Showing 1 - 20 of 1656 Results

  • Thu Apr 28 2016

    Valley pest control worker mauled by pit bulls while on the job

    A valley pest control worker almost lost his hands in a recent dog attack. "I could start seeing all the tendons when I was moving my fingers and I could see the tendons moving with my own eyes, there was no skin left," said Scott Fieger of the violent attack. Fieger has been a pest control worker for 25 years. He didn't hear any dogs barking and the gate was unlocked, so he headed into the backyard of a home near Clayton Street and Lone Mountain Road in North Las Vegas on April 25 to spray like he was hired to. "These two loose pit bulls, the aggressors, they both came around and ...

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  • Wed Apr 27 2016

    Varroa Mite Infestation In US Worse Than Previously Believed: Multi-Year Study

    The first multi-year honeybee disease study in the United States has revealed that varroa mite infestations in the country are far worse than what was previously believed, as the population of the deadly pests is more abundant than ever. Scientists from the Department of Agriculture and the University of Maryland conducted the research to look into the ill effects of diseases that plague honeybees in the United States, including varroa mites, fungal gut parasites and several other debilitating viruses. Their results provided a crucial five-year baseline against which to track future tren...

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  • Wed Apr 27 2016

    Vegan restaurants struggle with quandary of pest control

    As more fine dining meat-free restaurants are cropping up, establishment owners are struggling to balance humane ways to kill unwanted pests and their no-kill values. Here, Melanie Cochran works the cash register at her vegetarian restaurant, The Wild Cow, in Nashville, Tenn. Mark Humphrey | AP Even the well-being of rats, roaches and spiders are a concern for animal activists. But they also pose ethical dilemmas for owners of vegan restaurants who need to keep those pests out of their kitchens while trying to abide by no-kill values. Melanie Cochran, owner of The Wild Cow Vegetarian ...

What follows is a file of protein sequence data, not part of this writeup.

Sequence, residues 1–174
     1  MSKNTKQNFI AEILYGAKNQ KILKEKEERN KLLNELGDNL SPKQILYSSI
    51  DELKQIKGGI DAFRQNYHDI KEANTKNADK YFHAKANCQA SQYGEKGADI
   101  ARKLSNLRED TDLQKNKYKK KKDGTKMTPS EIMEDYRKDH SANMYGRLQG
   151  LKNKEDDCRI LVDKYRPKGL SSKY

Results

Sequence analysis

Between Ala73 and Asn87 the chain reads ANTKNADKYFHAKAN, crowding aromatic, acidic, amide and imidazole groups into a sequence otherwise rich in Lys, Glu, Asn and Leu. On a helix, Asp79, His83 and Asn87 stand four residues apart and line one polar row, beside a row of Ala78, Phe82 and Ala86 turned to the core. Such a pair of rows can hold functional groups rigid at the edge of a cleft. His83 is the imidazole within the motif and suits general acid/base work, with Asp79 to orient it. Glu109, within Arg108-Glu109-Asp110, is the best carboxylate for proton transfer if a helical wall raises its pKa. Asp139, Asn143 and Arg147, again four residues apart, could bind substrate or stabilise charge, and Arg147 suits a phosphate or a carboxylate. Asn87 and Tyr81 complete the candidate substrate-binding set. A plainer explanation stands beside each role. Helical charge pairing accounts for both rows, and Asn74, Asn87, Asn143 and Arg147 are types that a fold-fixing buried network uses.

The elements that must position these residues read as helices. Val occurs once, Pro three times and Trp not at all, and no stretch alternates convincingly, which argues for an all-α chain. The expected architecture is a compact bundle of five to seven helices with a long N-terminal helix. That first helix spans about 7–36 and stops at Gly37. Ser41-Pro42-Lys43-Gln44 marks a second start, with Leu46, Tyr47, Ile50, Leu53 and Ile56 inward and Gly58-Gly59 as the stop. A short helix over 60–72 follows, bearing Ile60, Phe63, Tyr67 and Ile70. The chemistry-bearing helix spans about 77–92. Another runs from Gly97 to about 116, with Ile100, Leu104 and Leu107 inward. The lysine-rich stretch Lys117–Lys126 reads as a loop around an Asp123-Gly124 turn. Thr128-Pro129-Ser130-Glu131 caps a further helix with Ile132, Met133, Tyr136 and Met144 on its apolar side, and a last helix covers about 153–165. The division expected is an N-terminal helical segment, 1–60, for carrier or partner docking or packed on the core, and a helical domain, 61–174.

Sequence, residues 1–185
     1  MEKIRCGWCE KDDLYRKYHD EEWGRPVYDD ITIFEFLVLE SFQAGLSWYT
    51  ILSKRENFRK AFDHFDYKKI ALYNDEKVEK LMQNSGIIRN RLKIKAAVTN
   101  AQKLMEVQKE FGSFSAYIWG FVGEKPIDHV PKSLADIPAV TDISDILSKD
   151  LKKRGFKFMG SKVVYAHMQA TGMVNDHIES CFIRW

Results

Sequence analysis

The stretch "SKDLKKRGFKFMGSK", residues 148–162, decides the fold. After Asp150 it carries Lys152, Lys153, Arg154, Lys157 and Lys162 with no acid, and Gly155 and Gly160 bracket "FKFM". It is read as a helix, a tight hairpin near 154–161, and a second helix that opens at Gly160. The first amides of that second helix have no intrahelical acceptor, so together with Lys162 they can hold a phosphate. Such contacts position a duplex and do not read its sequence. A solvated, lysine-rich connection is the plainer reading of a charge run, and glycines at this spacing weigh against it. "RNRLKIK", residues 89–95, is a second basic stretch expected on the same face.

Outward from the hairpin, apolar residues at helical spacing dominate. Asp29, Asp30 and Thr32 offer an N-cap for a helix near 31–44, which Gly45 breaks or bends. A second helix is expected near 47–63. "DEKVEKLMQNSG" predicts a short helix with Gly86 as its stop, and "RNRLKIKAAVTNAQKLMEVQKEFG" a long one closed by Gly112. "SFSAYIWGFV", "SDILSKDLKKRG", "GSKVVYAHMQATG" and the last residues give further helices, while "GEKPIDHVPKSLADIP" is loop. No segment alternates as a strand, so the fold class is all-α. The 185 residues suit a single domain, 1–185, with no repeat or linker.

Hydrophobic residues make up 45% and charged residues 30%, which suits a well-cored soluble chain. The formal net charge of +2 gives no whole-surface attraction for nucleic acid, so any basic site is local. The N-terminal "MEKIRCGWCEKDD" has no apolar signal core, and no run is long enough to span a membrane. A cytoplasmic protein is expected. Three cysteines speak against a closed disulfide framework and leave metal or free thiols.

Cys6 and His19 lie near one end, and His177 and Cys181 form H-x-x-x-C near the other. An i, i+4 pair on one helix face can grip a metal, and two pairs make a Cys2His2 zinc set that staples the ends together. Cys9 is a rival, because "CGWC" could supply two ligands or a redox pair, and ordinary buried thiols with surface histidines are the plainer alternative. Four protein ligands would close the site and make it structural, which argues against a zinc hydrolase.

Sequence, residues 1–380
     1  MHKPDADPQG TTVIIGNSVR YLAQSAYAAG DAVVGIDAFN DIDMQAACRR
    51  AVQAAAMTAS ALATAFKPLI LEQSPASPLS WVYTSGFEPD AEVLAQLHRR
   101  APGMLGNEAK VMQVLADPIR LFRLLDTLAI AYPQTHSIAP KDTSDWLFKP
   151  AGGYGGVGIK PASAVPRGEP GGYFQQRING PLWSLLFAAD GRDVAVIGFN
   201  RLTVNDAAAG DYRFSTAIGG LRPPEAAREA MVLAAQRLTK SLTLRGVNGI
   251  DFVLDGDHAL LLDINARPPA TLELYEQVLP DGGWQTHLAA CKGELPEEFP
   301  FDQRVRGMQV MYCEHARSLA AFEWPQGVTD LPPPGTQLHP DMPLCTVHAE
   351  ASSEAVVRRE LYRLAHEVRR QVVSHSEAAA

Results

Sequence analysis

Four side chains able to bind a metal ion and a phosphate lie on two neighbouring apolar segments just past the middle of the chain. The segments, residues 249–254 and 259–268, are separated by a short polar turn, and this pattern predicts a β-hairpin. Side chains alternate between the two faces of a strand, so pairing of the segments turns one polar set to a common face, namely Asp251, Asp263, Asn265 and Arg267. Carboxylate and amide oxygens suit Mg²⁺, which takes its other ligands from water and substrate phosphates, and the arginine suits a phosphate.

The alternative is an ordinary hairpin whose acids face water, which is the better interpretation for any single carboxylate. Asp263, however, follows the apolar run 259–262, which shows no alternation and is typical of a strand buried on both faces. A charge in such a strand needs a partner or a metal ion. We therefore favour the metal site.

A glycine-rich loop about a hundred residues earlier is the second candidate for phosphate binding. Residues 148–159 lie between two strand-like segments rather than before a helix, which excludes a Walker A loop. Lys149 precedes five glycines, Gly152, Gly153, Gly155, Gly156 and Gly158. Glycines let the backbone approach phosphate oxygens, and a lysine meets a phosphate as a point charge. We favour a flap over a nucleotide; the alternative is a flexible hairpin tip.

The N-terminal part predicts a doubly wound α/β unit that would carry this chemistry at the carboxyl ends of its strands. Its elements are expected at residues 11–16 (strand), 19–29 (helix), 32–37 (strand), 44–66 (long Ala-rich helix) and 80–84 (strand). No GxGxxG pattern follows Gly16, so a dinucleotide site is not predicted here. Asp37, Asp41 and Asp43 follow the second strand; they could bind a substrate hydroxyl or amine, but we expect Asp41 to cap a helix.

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  • Mon Apr 25 2016

    Bedbugs are drawn to certain colors, study finds

    (CNN)The next time you're packing for a trip, you might want to reach for your brightest-colored luggage. It could help keep bedbugs away. A new study finds that bedbugs -- just like flies and other insects -- have favorite colors. They really like dark red and black, and they shun dazzling white and bright yellow. Researchers placed bedbugs in Petri dishes that contained little bug-sized tents made of different colored paper. The bugs quickly crawled to the shelter, just as you would expect for insects that spend 90% of their lives hiding in cracks and crevices. But when given the ch...